Is low budget boosting your creativity?
Is it something like “finding a way out?”
BEN: If you’re working with a limited budget you have to make everything that doesn’t depend on a budget really good. Having a low budget forces you, the filmmaker, to work harder in planning and shooting great stuff that doesn’t rely on a high budget, and with computers nowadays there’s a million things you can do. Budget or no budget, one can sit down with a pad and a pen like Hitchcock and create a movie without spending anything.
PAUL: I love what you can create on computers now. It seems as if you can create anything you want. If you can master the computer programmes coupled with a really good idea there’s so much you can do. Lack of money isn’t so much a hindrance to the low budget film maker compared to lack of time.
Are you technology freaks? (I mean, if you are going for better
equipment whenever possible, or you stick to your trusty old DV cam?)
BEN: In theory, If your idea is good enough there’s nothing you can’t do on a tiny disposable camera or super-8 or VHS or mobile phone. I’ve seen loads of great films made on low-tech and outdated equipment. I just digitized a whole stack of old hi-8 tapes from the 1990s and they looked amazing. In practice, the TV companies and the TVs themselves are getting more and more stringent about picture quality and such, and it’s silly to have your piece rejected for not being ‘Broadcast Quality’ but it happens all the time. So you have to follow the curve to some extent and have as much tech-y knowledge as possible because it’ll save you a lot of time in the long run.
PAUL: I love the new hard drive cameras. Being able to drag your video files onto your computer rather than capturing saves so much time – on the downside, as detailed in a film making tip we did on sound, so many of these HDD cameras don’t have any socket for external microphones.
How do you see the role of irony/humor in independent filmmaking?
PAUL: Hopefully we will start seeing people take a few more risks with comedy. I don’t mean making more bad taste stuff, I mean less formulaic. Four Lions is the kind of thing I’d like to see more of. The rise of fly on the wall documentary style comedy has come out of the new equipment available. Really my answer is that independent filmmaking is a place where film makers can and should be experimenting with all genres.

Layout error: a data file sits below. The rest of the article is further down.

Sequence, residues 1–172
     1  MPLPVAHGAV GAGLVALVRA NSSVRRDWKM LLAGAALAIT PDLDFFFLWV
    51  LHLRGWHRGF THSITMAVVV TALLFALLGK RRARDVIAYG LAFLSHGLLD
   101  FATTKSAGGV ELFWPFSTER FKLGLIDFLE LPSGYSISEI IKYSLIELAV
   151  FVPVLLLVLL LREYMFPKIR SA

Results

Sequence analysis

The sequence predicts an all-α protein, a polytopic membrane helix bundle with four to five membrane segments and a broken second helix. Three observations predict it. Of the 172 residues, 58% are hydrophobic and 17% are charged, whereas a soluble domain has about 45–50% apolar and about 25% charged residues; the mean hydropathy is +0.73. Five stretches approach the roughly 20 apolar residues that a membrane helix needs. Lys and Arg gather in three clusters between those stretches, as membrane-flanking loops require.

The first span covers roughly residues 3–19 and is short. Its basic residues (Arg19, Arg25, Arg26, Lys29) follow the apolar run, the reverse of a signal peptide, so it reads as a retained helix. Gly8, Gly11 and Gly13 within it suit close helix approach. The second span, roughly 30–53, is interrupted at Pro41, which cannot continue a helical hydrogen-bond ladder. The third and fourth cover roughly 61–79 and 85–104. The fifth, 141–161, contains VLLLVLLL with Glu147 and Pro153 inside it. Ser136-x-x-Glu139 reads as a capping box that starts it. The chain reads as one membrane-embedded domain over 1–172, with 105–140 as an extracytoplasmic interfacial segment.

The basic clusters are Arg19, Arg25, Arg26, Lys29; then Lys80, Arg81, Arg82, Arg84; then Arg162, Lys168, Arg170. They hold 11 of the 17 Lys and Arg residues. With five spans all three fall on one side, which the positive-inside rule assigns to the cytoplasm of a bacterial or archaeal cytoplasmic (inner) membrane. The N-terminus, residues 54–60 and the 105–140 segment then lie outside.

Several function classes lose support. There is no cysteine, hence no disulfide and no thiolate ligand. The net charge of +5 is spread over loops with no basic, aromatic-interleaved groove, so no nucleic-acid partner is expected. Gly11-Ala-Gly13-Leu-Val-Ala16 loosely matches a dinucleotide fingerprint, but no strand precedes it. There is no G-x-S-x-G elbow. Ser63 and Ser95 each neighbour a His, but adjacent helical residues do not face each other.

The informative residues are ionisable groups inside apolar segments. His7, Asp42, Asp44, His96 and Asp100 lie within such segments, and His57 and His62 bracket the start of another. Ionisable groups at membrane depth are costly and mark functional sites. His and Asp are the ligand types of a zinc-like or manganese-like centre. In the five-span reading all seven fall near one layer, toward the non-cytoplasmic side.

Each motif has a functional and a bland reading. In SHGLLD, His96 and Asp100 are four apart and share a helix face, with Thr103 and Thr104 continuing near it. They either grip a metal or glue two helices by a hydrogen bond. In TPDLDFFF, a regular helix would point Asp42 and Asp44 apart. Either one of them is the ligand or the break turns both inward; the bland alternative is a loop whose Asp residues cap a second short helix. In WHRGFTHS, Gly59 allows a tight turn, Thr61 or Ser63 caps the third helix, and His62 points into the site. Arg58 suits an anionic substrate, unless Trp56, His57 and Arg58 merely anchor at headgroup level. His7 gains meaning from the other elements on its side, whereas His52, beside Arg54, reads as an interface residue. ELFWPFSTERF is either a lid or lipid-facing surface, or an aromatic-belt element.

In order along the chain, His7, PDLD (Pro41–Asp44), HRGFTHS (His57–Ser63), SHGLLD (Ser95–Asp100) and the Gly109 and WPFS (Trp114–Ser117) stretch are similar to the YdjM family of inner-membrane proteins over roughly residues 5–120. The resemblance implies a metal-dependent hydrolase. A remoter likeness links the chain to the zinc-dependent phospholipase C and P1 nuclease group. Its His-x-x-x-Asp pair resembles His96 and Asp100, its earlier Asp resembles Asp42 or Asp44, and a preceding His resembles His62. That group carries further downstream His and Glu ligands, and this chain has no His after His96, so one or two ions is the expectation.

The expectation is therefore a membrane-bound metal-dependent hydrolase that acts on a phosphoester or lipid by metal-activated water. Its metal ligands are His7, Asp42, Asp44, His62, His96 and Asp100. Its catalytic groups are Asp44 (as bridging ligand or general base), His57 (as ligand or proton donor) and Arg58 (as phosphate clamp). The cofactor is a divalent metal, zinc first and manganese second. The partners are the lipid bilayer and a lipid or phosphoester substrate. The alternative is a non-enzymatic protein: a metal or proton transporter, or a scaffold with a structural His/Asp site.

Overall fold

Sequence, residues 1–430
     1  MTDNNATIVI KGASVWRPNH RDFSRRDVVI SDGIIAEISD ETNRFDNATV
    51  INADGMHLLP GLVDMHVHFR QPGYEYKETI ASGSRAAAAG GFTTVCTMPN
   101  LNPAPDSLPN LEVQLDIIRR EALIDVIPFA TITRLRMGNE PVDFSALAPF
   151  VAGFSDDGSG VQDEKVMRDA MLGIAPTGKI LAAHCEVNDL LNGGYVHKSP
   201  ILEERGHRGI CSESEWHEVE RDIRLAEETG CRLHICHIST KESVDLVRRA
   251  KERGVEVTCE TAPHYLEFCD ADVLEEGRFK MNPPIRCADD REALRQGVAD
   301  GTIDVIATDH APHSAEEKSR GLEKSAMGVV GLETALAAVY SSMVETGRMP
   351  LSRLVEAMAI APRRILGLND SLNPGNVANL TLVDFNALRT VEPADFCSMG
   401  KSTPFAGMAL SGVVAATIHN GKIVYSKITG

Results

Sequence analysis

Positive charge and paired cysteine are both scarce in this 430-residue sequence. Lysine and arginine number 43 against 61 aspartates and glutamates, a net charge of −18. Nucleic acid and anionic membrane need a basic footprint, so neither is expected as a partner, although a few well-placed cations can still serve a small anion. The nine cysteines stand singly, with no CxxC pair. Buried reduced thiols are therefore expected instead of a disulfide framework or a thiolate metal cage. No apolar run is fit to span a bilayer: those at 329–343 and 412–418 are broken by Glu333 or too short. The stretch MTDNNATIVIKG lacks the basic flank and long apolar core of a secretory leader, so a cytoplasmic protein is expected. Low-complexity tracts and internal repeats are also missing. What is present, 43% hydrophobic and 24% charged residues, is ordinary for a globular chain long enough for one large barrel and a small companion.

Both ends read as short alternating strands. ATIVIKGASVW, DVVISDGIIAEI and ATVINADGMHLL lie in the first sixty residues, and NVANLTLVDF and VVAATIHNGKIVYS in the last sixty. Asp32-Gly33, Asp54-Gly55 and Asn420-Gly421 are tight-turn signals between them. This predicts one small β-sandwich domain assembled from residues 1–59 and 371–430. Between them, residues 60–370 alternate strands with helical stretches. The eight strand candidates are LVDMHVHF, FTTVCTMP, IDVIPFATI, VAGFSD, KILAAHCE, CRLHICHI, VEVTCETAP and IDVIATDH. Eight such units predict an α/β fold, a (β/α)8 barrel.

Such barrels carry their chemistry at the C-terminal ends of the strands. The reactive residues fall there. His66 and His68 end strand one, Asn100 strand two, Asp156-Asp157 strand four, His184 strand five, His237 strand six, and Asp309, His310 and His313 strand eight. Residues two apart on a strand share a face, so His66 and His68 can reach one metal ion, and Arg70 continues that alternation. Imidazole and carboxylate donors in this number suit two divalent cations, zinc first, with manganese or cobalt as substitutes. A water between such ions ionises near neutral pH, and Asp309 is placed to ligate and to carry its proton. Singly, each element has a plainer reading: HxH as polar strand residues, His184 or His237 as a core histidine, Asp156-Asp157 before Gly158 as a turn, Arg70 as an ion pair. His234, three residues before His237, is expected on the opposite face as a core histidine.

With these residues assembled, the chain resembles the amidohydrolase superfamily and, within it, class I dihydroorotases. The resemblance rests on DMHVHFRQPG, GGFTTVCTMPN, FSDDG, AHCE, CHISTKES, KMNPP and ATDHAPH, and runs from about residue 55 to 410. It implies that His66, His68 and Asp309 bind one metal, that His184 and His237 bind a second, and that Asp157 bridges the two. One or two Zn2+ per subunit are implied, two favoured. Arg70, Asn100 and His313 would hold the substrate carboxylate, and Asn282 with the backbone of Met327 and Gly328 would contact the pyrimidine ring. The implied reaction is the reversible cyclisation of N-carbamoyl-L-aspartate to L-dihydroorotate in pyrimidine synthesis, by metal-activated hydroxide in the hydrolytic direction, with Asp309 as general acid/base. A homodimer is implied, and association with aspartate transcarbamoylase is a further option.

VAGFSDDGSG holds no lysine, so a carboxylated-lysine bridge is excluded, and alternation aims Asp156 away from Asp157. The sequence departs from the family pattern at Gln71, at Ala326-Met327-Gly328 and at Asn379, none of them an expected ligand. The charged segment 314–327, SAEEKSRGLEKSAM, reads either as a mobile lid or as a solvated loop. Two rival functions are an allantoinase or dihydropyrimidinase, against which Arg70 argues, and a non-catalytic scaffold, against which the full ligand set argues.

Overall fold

BEN: Like Horror, in Comedy if you know what you’re doing you can get big laughs from people with your film. Also like horror, there are tons of people trying to do it who haven’t a fucking clue- and I’m talking across all budgets. So the role if irony/humour is to make us laugh, and if a $10 film makes us laugh more than a $10,000 film, then it’s intrinsically more valuable.
What is your opinion on today’s state of cinematography?
BEN: Firstly, I would hate to be a lighting guy right now. I saw some DSLR Hi Def video footage projected last year and it looked like Barry Lyndon. Turns out it was shot under a sodium street lamp. The problem with what I’ve seen so far is the narrow depth of field. I’ve seen people’s eyes in focus but the ends of their noses blurred. Maybe it’s down to the lenses. The only other thing I can think of is it’s weird when someone comes up to you with a DSLR and you don’t know whether to pose for a photo or say something for the video.
PAUL: I like the handheld action films that are coming out. They look fantastic and bring you closer to the action; gritty and exhilarating.
What will be your feature smash-hit?
PAUL: I really want to make a black comedy/horror but the jump from short film to feature is a big one; it’s like trying to expand a joke into a novel. In a feature length movie you have to start thinking about pace, sub plots, three act structure, character development and much more. Can your film keep someone’s attention for 90 minutes? We’re still learning but I think we’re getting closer to a film we’re happy to produce.
BEN: We have three contenders, and we’re trying to work out which will be a smash hit by a foolproof method. Do you know where we can get an Octopus?